panels in firewall

GoldDigger

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Location
Placerville, CA, USA
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Retired PV System Designer
why cant I install a new panel in a firewall but j-boxes are ok ?
1. Are you sure they are? Even if mounted back to back?
2. J-boxes typically are not full depth in the wall while panels often are. That leaves an insulating space between the inside of the box and the wallboard or whatever is behind it.
3. Panels are a lot bigger. More area = more heat exposure and chance of flame transmission.
 

infinity

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Location
New Jersey
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Journeyman Electrician
Off of the top of my head, I believe that for a box in firewall the penetrations are limited to 16 square inches.
 

roger

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Location
Fl
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Electrician
To go along with Infinity's post


From the UL Fire Resistance Directory



WALL AND PARTITION ASSEMBLIES

Metallic Eletrical Outlet Boxes

Listed single and double gang metallic outlet and switch boxes with metallic or nonmetalliccover plates may be used in bearing and nonbearing wood stud and steel stud walls with ratings not exceeding 2h. These walls shall have gypsum wallboard facings similar to those shown in Design Nos. U301,U411, and U425. The metallic outlet or switch boxes shall be securely fastened to the studs and the opening in the wallboard facing shall be cut so that the clearance between the box and the wallboard does not exceed 1/8 in. The surface area of individual metallic outlet or switch boxes shall not exceed 16 sq in. The aggregate surface area of the boxes shall not exceed 100 sq in per 100 sq ft of wall surface.

Metallic boxes located on opposite sides of walls or partitions shall be seperated by a minimum horizontal distance of 24in. This minimum seperation distance between metallic boxes may be reduced when "Wall Opening Protective Materials" (CLIV) are installed according to the requirements of their Classification.
Roger
 

mwm1752

Senior Member
Location
Aspen, Colo
If the penetration of the box is greater than 16" you must firerate around it -- putty pads, 5/8 X sheetrock - check with the building dept & proposed a solution -- there are 3 basic rules for electrical boxes - penetration lgreater than 16" -- through penetration (boxes facing opposite directions) with in 2' horizontally -- 100 sq in of combined penetrations (IE: 13 - 1gang openings)within 100 sq ft of wall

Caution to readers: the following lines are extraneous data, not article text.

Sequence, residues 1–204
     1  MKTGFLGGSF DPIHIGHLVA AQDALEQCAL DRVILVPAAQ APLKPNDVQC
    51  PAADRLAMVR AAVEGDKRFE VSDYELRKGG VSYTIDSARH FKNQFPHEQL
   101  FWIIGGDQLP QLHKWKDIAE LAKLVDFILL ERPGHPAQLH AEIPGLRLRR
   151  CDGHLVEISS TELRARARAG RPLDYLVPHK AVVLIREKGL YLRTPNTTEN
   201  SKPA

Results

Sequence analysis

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cowboyjwc

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Location
Simi Valley, CA
If the penetration of the box is greater than 16" you must firerate around it -- putty pads, 5/8 X sheetrock - check with the building dept & proposed a solution -- there are 3 basic rules for electrical boxes - penetration lgreater than 16" -- through penetration (boxes facing opposite directions) with in 2' horizontally -- 100 sq in of combined penetrations (IE: 13 - 1gang openings)within 100 sq ft of wall
The thing about wrapping it is that you wont find a "listed" or "approved" method. Always best to check with the AHJ and see what they allow.
 

roger

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Location
Fl
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Electrician
I have done this (Wrap it with 3M fire pads) many times and has passed inspection without any problem. View attachment 9359

But check with your AHJ first.
The inspectors need to read the listing information on the pads, and to follow mgookins post, why would you do it in the first place in that wall assembly?


Roger
 

roger

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Location
Fl
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Electrician

mwm1752

Senior Member
Location
Aspen, Colo
Read sections #2 "Applications" and #6 "Installation Techniques" and note the sizes of boxes they can be used on.

Wrapping a load center with them is beyond their limits.

Roger
For larger applications, pads can be molded together by hand. section 2 -- pretty strong statement --

 

edward

Senior Member
Not as strong as the information here and a load center is not mentioned.

Roger
The way I read that it is a "installation suggestion" for electrical boxes and it will not include panels. If the instruction allows the pads to be molded together for larger surfaces then i don't see it as a violation. Unless i am missing something else.



Suggested Installation for

3M? Fire Barrier Moldable Putty+
on Electrical Outlet Boxes
 
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